Towards a Realist Philosophy of History argues for the radical—at least in contemporary historical theory—view that historians are by and large successful in their goal of providing accurate knowledge and understanding about the historical past. Adam Timmins provides a philosophical framework that supports this endeavor, as well as highlighting some of the issues with the "strong constructivist" accounts common in contemporary historical theory. Among other things, the book provides a realist construal of colligatory concepts, historiographical reference, and the use of narrative, as well as examining the mechanisms of historiographical progress. The work also provides some much-needed criticism of aspects of the strong constructivist position, such as the contemporary adoption of “irrealism” and the idealist implications of this, that has have yet failed to make their way into the existing literature. The book proves that historical theory has not “moved on” from the realism-idealism debate and that realism with regards to the products of historiography is still very much a live option.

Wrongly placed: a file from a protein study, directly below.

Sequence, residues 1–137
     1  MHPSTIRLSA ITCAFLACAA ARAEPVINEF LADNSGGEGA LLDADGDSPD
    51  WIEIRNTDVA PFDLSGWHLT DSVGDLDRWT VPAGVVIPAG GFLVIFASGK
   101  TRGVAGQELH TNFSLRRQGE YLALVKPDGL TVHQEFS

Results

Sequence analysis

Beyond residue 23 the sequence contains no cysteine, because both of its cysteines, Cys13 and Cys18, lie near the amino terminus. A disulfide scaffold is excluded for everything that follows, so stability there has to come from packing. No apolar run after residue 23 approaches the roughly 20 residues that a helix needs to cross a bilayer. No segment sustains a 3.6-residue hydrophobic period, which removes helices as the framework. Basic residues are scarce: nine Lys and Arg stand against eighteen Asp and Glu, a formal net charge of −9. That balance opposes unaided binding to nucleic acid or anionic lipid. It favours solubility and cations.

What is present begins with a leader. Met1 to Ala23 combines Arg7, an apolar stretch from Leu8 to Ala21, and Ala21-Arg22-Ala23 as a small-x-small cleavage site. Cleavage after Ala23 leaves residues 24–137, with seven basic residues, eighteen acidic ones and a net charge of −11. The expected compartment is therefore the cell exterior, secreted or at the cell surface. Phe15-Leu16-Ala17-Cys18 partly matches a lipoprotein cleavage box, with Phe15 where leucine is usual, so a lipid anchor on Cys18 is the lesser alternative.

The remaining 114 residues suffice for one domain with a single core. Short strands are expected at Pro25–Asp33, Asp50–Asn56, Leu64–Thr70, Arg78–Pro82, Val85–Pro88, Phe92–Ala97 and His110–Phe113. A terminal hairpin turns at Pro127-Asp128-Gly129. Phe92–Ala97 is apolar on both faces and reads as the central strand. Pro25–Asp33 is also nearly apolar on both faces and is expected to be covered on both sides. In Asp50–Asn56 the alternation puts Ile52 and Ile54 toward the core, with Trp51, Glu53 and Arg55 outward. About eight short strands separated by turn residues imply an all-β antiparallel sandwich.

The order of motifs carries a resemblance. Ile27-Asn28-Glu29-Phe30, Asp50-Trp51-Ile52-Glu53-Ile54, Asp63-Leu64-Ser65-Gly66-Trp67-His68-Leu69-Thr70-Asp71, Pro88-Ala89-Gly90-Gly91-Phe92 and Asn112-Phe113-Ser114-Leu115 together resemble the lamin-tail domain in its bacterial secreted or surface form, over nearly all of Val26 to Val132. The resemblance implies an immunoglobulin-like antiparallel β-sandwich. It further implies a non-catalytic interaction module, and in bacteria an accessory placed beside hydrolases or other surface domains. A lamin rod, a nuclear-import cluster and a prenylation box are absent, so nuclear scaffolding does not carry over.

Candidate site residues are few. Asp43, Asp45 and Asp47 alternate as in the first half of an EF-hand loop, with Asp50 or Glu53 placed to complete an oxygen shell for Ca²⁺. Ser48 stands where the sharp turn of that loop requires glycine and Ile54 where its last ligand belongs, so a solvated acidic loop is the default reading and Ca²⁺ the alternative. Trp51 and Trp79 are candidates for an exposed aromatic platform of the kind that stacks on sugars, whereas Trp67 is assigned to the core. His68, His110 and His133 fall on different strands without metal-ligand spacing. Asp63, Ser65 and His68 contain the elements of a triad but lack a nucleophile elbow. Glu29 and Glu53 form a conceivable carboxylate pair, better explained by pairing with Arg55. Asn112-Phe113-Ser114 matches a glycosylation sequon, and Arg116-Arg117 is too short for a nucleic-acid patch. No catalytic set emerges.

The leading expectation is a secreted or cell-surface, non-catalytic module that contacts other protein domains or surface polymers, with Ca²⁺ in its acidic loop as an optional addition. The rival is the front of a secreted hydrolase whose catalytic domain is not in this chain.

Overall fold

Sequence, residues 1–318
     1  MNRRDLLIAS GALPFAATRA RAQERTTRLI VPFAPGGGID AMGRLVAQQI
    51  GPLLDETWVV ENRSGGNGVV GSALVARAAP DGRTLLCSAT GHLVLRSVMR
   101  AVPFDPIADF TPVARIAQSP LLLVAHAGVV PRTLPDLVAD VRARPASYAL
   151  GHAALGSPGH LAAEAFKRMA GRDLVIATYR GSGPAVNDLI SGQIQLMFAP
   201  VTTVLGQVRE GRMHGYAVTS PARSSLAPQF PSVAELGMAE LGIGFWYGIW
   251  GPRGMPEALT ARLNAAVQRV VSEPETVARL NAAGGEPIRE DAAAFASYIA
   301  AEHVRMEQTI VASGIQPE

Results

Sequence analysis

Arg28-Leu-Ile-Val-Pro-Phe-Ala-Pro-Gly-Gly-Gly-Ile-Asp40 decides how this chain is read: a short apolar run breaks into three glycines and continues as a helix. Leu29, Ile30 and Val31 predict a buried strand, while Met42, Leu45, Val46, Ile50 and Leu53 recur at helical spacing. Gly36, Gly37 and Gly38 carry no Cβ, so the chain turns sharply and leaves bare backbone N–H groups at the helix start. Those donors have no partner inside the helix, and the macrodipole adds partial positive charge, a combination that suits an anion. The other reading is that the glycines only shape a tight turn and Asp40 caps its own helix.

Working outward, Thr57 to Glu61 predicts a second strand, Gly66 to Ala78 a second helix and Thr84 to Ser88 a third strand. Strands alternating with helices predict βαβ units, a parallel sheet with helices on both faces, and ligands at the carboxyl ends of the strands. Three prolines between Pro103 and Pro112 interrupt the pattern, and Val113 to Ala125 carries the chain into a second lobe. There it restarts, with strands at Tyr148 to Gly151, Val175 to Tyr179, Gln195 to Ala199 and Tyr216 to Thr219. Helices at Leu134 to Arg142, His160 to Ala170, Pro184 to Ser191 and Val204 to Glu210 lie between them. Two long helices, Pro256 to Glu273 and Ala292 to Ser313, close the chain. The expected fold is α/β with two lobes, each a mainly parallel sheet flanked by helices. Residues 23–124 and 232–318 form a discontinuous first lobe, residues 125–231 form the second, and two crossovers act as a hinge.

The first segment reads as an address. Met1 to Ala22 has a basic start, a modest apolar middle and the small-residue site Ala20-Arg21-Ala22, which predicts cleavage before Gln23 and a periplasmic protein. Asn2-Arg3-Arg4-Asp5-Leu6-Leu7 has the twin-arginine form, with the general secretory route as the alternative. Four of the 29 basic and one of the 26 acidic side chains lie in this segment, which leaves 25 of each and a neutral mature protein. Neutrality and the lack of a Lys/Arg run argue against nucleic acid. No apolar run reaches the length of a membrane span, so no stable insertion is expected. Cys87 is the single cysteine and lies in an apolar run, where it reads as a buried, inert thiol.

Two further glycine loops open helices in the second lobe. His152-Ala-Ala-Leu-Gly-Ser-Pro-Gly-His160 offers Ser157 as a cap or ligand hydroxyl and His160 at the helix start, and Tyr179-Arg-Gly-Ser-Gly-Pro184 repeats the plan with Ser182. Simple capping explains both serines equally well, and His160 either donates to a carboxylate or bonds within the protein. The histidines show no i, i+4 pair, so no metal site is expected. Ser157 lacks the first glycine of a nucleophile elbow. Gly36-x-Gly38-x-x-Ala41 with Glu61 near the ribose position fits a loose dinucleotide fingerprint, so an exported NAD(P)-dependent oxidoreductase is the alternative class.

Adam Timmins holds a PhD in philosophy from the University of York and is an independent scholar. Towards a Realist Philosophy of History is his first monograph.
Chapter One: General Arguments Against Historiographical Realism
Chapter Two: A Two-Stage Model of Historiographical Practice
Chapter Three: The Club of Historical Facts
Chapter Four: Reference
Chapter Five: Colligatory Concepts
Chapter Six: Progress in Historiography
Chapter Seven: Holism
Chapter Eight: Narrative & Realism
Adam Timmins’s book is an immensely important effort to overcome the influence of postmodernist anti-realism in the philosophy of history, typically manifested as the view that historical past did not happen and that it is merely constructed by historians. The book surveys, presents, and refutes arguments in favor of anti-realist positions about historical past and provides a comprehensive theory of historical facts. This rejection of postmodernist anti-realism has important political implications: if historical past did not happen, then past acts of oppression also did not happen, and it becomes impossible to condemn them. In opposition to such views, a realist position, such as the one advocated by Timmins, provides a solid base for a humanist perspective on history.